Arguably one of the greatest actors of our time died on last Thursday. James Gandolfini was an acquaintance of mine. Larger than life, he created characters that were real and wasn't afraid to show himself -- warts and all. I write now as someone who has had an Italian last name my whole life. I grew up in the small town of Flint, Michigan where there were almost no other people of italian descent. When I arrived in NYC in 1979, it was very accepted in the media and in the art community to be Italian American.
Prior to The Godfather in 1971, there were few Italian role models in the media. The Godfather was the first time I had seen an Italian man presented in the media. I was happy. That film led to an explosion of movies about and by Italians and Italian Americans -- like Fellini and Scorsese. They helped me develop into a man, by showing me male role models some of which were evil.
In the eight years that The Sopranos was on, I never missed an episode. I ended up watching each one twice. I enjoyed it so much because it brought the horrors of the mob in the open. It showed that these many brutal tragedies are so harmful to our community -- Italian American men harming other Italian Americans. That has been the horrible secret of the mob since its beginning in Sicily. I think it was helpful for our community to see these stories told through such wonderful writing and storytelling. The fact, that I have been a 26-year friend of Edie Falco, knowing her from the famous West 4th Street Saloon, made it all the more possible for me to identify with the characters in the show. I found it therapeutic. I found it brilliantly written. I also found the story development, by Chase, to be the finest TV ever done.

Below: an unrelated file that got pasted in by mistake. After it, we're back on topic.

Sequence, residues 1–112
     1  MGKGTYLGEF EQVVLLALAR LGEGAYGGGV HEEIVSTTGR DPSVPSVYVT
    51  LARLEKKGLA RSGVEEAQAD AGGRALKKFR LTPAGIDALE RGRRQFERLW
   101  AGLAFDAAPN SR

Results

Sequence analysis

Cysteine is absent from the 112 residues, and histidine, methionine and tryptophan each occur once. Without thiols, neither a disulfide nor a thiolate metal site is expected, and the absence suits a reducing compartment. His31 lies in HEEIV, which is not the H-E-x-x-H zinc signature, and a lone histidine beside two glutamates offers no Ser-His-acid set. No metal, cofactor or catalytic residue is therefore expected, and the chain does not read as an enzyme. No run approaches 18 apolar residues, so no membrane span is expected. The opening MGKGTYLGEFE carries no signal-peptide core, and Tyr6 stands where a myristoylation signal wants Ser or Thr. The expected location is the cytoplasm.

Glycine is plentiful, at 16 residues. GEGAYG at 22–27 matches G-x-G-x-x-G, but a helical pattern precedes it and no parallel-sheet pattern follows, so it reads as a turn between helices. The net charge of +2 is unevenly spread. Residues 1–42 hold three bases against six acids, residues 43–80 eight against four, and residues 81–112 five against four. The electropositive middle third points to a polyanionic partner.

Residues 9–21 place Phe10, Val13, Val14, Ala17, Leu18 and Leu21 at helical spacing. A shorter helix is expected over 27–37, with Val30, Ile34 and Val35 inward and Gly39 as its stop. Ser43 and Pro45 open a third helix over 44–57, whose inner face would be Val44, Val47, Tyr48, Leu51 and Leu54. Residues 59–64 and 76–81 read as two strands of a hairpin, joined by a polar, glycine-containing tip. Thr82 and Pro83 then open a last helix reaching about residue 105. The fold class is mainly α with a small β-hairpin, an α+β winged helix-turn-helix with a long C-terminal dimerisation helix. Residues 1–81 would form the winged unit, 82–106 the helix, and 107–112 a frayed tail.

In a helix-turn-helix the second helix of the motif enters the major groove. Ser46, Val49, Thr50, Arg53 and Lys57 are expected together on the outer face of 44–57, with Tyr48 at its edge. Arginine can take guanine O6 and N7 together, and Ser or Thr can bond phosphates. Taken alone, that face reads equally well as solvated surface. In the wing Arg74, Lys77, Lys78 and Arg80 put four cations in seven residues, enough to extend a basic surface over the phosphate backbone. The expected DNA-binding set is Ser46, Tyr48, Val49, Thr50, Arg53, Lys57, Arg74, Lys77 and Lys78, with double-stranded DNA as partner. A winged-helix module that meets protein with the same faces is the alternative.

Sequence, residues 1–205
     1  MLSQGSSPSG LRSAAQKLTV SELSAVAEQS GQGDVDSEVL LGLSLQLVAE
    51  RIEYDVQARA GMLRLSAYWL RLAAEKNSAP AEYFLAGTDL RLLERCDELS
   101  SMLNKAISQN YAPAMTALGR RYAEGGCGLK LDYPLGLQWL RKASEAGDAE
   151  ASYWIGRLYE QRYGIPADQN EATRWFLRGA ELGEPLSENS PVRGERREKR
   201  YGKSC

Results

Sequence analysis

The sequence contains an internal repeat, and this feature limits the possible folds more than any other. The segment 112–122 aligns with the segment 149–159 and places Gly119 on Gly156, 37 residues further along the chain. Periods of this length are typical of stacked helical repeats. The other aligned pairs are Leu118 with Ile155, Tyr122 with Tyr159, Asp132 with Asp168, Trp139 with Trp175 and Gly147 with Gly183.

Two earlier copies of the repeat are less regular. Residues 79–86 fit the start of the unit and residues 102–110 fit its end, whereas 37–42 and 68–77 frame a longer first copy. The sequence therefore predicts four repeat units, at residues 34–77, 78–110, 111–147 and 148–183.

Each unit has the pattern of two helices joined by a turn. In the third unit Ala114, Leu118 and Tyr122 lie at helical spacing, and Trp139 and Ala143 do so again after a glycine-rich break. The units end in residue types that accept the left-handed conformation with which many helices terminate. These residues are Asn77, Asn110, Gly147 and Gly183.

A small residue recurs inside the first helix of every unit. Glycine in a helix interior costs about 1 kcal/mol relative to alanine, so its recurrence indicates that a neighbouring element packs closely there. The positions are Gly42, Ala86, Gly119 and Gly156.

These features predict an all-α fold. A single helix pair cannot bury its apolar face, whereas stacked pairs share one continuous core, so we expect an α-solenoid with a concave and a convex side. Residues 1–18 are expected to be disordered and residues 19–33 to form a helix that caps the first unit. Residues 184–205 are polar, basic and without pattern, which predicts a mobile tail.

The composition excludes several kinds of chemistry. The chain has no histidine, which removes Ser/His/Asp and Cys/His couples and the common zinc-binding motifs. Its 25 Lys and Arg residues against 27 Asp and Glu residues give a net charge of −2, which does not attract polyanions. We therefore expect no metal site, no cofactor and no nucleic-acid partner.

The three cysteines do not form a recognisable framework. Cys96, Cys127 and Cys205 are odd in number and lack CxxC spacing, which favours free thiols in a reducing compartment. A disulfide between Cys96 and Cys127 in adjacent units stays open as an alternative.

When James died, I teared up. I was very sad. A great artist has passed -- someone who was totally honest and fearless in presenting his art. I was very proud that he too was Italian American.